This offseason, Thorson said, he’s led three or four extra throwing sessions with wide receivers weekly and two or three extra film sessions weekly as well. He explained that performing against the blitz is an 11-man responsibility, but that it starts and ends with him. He has to be cognizant of blitzers and let his linemen and running backs know where he’s seeing pressure from, but he also needs his wide receivers on the same page.

Too often last year, that final part did not perform.

Here’s a perfect example against Nebraska:

There are nine (!!!) Cornhuskers within five yards of the line of scrimmage on this play by the time the ball is snapped. That makes sense; a short-yardage situation often meant running the ball last year. In this case, though, Mick McCall wants to go to the air. With three linebackers sneaking down toward the line of scrimmage, two players pop open quickly.

Solomon Vault (No. 4), running a drag route, and Jelani Roberts (No. 81, at the top of the shot) are both wide open, but neither is looking for the ball. Vault doesn’t turn for the ball until Thorson is being bear-hugged by a Nebraska lineman.

This play initially looks to be Thorson’s fault. It looks like he didn’t recognize the blitz at all and took a sack despite an open wide receiver right in front of him. Re-watch the clip, though, and you’ll see that Thorson did indeed see Vault, but Vault was not looking for the ball. If Vault’s head is on a swivel a split second earlier, that’s an easy completion and a lot of space for one of Northwestern’s most dynamic players. But it’s not, and therefore the play results in a sack.

Drops were another issue from Thorson’s wide receivers.

In this example, the line holds up well, Vault stonewalls his assignment, and Thorson makes one heck of a throw. But it goes right through Flynn Nagel as if he didn’t exist. And yes, Nagel takes a big hit at the end. But this play must be made. Just as we saw throughout the year, Thorson’s numbers didn’t necessarily reflect his play, due to a very high drop rate from his pass-catchers.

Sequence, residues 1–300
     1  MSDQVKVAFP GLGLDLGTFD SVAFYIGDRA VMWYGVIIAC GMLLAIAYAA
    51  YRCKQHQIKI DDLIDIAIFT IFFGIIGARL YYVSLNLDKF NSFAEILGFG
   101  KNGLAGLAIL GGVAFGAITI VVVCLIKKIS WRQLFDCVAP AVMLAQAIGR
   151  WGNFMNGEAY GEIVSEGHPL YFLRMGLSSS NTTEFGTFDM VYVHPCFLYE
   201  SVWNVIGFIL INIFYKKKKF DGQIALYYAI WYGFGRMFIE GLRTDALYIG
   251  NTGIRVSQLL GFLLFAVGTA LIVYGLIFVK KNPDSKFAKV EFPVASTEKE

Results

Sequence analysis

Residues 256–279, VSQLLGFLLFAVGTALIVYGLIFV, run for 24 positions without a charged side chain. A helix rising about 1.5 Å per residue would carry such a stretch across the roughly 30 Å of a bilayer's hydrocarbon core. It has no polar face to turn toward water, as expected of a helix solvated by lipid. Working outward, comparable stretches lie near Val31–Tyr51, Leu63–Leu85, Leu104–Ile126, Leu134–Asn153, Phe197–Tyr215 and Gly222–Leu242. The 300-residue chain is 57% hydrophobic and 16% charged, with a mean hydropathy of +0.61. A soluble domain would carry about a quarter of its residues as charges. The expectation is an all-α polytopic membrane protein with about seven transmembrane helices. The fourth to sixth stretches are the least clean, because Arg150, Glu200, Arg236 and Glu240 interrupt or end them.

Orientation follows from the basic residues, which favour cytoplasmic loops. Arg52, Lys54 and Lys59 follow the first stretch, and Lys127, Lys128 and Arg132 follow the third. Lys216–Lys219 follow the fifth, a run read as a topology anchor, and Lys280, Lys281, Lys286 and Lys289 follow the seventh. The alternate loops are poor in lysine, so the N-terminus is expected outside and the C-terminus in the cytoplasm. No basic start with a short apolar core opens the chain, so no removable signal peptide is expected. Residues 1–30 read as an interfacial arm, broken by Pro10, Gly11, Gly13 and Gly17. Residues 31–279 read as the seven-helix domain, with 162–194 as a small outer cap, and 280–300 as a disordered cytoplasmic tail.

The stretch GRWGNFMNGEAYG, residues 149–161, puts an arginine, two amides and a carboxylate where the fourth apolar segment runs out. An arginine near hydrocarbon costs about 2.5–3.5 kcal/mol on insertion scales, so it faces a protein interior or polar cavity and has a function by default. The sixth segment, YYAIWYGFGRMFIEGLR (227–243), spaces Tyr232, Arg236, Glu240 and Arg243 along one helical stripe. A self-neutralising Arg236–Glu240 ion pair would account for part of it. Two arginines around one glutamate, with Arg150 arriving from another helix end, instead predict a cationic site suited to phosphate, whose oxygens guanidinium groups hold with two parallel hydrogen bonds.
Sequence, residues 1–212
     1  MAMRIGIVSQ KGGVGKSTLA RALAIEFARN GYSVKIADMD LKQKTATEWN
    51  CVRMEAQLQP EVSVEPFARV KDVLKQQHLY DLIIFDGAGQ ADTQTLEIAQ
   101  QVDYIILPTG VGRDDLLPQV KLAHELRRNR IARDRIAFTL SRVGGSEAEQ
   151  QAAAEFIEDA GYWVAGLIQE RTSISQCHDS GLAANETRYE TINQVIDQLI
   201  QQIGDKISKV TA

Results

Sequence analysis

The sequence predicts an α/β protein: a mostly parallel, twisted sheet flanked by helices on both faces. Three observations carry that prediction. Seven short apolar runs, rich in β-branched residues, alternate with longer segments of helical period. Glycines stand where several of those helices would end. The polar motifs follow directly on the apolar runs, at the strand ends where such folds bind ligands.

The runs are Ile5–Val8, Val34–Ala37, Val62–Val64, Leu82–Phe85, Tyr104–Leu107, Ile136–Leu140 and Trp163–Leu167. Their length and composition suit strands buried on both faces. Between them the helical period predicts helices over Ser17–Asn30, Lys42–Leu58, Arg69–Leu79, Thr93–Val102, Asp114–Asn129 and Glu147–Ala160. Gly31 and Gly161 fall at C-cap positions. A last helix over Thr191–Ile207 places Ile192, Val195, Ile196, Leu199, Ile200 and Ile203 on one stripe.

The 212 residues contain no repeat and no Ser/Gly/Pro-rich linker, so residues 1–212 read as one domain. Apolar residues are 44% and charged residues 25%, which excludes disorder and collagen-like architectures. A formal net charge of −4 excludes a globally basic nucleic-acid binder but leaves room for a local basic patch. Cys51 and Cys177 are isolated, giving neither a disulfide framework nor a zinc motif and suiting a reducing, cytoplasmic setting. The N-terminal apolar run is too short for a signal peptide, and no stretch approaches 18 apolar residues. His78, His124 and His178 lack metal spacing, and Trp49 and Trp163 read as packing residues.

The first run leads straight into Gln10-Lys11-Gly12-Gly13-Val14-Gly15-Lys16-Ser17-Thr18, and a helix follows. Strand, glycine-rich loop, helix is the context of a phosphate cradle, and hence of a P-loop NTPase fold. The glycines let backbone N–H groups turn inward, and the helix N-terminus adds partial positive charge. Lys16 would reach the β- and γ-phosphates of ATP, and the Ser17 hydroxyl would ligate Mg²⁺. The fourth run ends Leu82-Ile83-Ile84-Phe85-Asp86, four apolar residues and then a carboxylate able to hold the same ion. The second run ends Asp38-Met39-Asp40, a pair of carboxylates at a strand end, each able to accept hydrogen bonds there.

Throwing off the back foot

Thorson’s pocket presence against the blitz was an issue, but it’s one that can be corrected. He needs to ensure to drive off his back foot and fully step into every throw, even in the face of blitzers. It’s easier said than done, but the results when he sits back are not pretty.

It results in floating, inaccurate passes:

Or in woefully under-thrown passes, with the second of these examples having disastrous consequences.

Now watch the difference when he really steps into his throws. He drives the ball downfield (arm strength has never been an issue) with good accuracy, even against two of the best defenses in the nation, both on third down against the blitz.

(Side note: This is former walk-on Austin Carr beating Jabrill Peppers.)

(Side note: Wisconsin’s Vince Biegel (No. 47) might have had the most perfectly-timed jump in the history of college football in the example above.)

Offensive line breakdowns

This is not good football by anyone in a white jersey.

I understand that the above-mentioned Biegel is very good, but he probably does not need to be triple-teamed. This is a blatant miscommunication and a costly one in opponent territory, too.

Thorson’s protection needs to be better in 2016, especially because opponents will load the box until the Wildcats’ signal caller proves he can beat them.

Here’s a prime example of this. One-man wrecking ball Biegel slips by Blake Hance essentially untouched, and Solomon Vault does not block anyone.

Here’s another example where the Northwestern lineman, in this case Connor Mahoney, is way too slow pulling around the formation. Malik Foreman is on Thorson in a flash.

Conclusions

I’m sure you’ve seen enough of Clayton Thorson getting pummeled to know that he—as well as his teammates—need to be much better against the blitz in 2016. Perhaps this sheds some light as to the reasoning behind McCall’s conservative playbook. He can’t just leave his quarterback out to dry.

But Thorson showed some good signs against pressure, too. The throw to Nagel against Duke is one of his best all year, but in the stat sheet, it just goes down as an incompletion. His completion to Austin Carr—on 3rd and 15 in his own territory at The Big House, no less—shows what he can when he can climb in the pocket and get his feet set. Yes, he has to do this on a consistent basis, but his offensive line needs to give him the opportunity to do so as well. Overall, you can see some encouraging signs from Thorson, but not on a consistent enough basis. The same goes for the 10 teammates on the field around him. Still, much like the 2016 season as a whole, getting better against the blitz starts and ends with Thorson. Based on the extra practice he’s led with his offensive teammates, we should expect major improvement in this area.